But since the introduction of the pda phone, this evolution philosophy has gone to pot. The drive to make a better pda gives way to the carrier caring more about wringing every last penny out of their customer at the expense of creating a truly useful converged product. Everything is a compromise because every feature is scrutinized by the carrier wondering how we can make money from it. Just having a great product and great service in order to retain good customers just doesn't matter.

    You look at the kyo palm phones. Each one was a nice leap ahead till the 7135. The Samsung models i300, 330, 500 were the same way. The 330 to 500 was tremendous. And it was jsut a shame that the 550 never made it to market because it seemed like a very nice product. The Treo design was a big jump when it got to the 600. And there's been no real evolution to the product since, and we're now two generations removed from it. Things we take for granted in a pda are nowhere to be found on a pda phone. And a lot of the reason seems to be because the carrier can't make money from it. One way the carrier makes money is by offering quality products and quality service which creates loyalty and retention. I could give a rat's a55 about all the extra video features and such. I want the quality product so I don't have to deal with workarounds for everything I do.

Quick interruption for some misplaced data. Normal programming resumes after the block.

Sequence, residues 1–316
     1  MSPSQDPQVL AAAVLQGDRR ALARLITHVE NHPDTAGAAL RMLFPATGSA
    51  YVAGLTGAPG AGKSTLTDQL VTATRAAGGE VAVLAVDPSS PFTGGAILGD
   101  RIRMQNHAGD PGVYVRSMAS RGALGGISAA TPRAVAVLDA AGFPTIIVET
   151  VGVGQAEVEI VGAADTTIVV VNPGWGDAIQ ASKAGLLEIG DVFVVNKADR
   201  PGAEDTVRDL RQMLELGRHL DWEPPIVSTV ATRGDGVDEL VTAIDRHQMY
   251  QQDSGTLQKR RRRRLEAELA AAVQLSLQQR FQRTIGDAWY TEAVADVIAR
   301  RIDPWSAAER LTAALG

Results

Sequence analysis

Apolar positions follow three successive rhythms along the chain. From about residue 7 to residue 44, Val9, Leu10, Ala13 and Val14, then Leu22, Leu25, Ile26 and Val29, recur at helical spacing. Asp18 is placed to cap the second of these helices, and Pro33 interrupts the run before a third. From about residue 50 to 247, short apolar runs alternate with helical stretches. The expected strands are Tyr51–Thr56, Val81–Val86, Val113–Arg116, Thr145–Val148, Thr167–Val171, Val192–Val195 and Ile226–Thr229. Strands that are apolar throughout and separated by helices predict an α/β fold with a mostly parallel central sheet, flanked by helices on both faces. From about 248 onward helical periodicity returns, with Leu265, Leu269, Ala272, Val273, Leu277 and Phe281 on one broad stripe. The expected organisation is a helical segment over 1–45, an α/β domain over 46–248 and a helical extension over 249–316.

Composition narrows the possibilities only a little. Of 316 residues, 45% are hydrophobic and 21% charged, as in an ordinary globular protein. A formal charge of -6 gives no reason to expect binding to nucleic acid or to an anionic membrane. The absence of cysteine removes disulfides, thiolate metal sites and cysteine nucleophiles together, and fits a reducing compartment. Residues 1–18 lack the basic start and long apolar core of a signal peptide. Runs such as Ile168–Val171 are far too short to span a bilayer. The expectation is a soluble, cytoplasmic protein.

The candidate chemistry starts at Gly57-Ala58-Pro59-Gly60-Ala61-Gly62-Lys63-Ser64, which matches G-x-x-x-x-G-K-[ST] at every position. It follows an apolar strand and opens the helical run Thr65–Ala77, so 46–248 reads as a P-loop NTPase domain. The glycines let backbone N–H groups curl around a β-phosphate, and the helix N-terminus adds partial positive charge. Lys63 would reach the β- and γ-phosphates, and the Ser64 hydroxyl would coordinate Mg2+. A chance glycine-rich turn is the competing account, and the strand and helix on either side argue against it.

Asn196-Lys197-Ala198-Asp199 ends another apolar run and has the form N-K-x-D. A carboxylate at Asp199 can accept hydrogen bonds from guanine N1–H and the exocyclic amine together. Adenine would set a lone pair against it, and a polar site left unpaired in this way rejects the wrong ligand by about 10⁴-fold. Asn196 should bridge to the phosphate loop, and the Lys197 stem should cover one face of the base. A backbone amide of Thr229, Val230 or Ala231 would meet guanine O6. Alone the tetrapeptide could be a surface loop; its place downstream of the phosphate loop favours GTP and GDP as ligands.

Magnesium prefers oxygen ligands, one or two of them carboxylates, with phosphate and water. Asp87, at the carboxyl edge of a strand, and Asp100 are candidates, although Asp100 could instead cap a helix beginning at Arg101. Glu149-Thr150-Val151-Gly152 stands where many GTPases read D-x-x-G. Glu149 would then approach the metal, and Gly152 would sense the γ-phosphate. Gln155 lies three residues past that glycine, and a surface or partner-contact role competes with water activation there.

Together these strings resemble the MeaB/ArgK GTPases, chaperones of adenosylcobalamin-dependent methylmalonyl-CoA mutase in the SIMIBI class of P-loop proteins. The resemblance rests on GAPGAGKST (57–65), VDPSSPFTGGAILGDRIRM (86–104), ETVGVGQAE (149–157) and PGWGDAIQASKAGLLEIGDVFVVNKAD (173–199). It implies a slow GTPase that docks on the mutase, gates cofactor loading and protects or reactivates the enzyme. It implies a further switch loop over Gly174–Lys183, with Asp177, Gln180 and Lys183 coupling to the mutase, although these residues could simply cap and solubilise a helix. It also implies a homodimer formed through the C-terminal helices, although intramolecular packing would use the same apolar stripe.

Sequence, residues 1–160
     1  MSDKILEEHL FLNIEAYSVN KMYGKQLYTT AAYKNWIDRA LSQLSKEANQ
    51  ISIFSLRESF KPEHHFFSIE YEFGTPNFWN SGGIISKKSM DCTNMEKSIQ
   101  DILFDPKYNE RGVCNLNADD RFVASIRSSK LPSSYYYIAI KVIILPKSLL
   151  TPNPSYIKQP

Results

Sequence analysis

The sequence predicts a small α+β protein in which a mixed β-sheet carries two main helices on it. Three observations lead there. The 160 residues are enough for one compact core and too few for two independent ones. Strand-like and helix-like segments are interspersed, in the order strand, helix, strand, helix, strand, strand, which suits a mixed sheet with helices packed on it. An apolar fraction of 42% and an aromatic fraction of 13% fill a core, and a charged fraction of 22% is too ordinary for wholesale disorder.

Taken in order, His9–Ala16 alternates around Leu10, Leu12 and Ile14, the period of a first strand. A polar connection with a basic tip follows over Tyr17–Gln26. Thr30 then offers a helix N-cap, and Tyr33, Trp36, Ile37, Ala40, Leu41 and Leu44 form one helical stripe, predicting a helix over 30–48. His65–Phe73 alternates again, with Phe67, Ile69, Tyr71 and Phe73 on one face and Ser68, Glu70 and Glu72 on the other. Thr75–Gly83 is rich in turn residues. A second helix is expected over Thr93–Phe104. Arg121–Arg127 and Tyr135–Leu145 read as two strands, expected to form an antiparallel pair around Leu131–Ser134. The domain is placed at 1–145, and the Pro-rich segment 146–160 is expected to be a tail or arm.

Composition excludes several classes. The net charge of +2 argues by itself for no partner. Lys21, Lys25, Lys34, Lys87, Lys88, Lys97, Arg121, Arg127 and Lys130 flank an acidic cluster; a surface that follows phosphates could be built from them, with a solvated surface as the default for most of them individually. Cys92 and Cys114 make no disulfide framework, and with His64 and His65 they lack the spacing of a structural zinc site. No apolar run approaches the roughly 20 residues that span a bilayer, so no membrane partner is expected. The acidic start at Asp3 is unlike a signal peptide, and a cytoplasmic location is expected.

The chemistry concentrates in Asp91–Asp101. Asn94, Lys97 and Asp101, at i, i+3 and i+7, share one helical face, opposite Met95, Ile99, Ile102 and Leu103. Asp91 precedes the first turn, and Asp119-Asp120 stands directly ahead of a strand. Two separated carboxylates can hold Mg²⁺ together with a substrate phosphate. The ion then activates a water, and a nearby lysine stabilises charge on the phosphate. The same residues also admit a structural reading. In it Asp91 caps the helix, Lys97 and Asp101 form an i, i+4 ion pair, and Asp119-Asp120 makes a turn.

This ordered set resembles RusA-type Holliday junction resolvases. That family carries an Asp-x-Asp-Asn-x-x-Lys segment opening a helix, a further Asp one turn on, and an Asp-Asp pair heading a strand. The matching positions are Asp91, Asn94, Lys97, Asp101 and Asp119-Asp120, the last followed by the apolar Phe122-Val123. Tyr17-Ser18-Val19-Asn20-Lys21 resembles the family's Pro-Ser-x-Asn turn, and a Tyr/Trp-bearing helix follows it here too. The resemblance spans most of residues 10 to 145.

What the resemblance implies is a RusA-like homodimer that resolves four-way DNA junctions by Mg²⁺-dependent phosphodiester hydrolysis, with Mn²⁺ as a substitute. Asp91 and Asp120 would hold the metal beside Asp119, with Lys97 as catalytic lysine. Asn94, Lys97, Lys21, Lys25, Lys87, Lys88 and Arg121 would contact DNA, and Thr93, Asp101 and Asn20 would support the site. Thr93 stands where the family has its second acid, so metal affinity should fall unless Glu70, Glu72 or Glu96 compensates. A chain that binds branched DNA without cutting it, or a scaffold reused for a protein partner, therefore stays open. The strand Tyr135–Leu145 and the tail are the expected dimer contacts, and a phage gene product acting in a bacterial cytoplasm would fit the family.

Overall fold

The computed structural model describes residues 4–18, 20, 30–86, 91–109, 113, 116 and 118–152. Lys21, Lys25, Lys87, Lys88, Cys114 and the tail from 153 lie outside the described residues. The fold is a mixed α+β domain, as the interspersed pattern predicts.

Quote Originally Posted by whmurray
    And you are still missing the point. It is not about you. It is not about the consumer. It is about the carriers. It is about the(ir) market. They are investing hundreds of millions with few options and you are investing hundreds with lots of options. It is simply naive to expect them not to exercise such control as they have. For them, the best way to satisfy the consumer is to extend their coverage.